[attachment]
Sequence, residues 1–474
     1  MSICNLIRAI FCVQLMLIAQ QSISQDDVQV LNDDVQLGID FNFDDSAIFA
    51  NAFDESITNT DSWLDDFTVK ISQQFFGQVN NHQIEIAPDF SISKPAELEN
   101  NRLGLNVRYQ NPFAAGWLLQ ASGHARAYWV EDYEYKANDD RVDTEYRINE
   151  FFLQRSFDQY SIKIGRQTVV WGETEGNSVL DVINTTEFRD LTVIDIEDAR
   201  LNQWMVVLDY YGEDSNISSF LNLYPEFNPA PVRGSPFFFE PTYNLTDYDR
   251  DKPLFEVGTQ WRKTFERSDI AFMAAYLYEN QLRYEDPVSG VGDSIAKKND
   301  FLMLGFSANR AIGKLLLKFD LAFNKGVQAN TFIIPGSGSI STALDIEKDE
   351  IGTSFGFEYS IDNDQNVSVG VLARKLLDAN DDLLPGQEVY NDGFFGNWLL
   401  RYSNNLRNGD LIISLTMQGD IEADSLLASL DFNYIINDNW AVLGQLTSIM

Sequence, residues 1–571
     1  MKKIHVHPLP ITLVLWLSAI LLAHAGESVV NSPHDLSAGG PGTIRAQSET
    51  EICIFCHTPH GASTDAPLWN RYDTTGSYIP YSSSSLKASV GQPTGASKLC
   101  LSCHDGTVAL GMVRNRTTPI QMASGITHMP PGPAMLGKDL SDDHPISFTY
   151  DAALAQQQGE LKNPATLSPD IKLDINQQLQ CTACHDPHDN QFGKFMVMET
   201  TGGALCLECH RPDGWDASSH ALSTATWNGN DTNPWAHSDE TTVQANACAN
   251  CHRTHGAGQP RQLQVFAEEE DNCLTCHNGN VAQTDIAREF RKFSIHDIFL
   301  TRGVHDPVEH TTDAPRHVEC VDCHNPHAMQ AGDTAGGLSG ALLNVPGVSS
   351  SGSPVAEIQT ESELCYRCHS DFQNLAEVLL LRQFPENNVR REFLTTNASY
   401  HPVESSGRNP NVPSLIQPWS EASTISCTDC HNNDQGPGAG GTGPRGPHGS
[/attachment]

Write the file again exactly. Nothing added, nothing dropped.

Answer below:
Sequence, residues 1–474
     1  MSICNLIRAI FCVQLMLIAQ QSISQDDVQV LNDDVQLGID FNFDDSAIFA
    51  NAFDESITNT DSWLDDFTVK ISQQFFGQVN NHQIEIAPDF SISKPAELEN
   101  NRLGLNVRYQ NPFAAGWLLQ ASGHARAYWV EDYEYKANDD RVDTEYRINE
   151  FFLQRSFDQY SIKIGRQTVV WGETEGNSVL DVINTTEFRD LTVIDIEDAR
   201  LNQWMVVLDY YGEDSNISSF LNLYPEFNPA PVRGSPFFFE PTYNLTDYDR
   251  DKPLFEVGTQ WRKTFERSDI AFMAAYLYEN QLRYEDPVSG VGDSIAKKND
   301  FLMLGFSANR AIGKLLLKFD LAFNKGVQAN TFIIPGSGSI STALDIEKDE
   351  IGTSFGFEYS IDNDQNVSVG VLARKLLDAN DDLLPGQEVY NDGFFGNWLL
   401  RYSNNLRNGD LIISLTMQGD IEADSLLASL DFNYIINDNW AVLGQLTSIM

Sequence, residues 1–571
     1  MKKIHVHPLP ITLVLWLSAI LLAHAGESVV NSPHDLSAGG PGTIRAQSET
    51  EICIFCHTPH GASTDAPLWN RYDTTGSYIP YSSSSLKASV GQPTGASKLC
   101  LSCHDGTVAL GMVRNRTTPI QMASGITHMP PGPAMLGKDL SDDHPISFTY
   151  DAALAQQQGE LKNPATLSPD IKLDINQQLQ CTACHDPHDN QFGKFMVMET
   201  TGGALCLECH RPDGWDASSH ALSTATWNGN DTNPWAHSDE TTVQANACAN
   251  CHRTHGAGQP RQLQVFAEEE DNCLTCHNGN VAQTDIAREF RKFSIHDIFL
   301  TRGVHDPVEH TTDAPRHVEC VDCHNPHAMQ AGDTAGGLSG ALLNVPGVSS
   351  SGSPVAEIQT ESELCYRCHS DFQNLAEVLL LRQFPENNVR REFLTTNASY
   401  HPVESSGRNP NVPSLIQPWS EASTISCTDC HNNDQGPGAG GTGPRGPHGS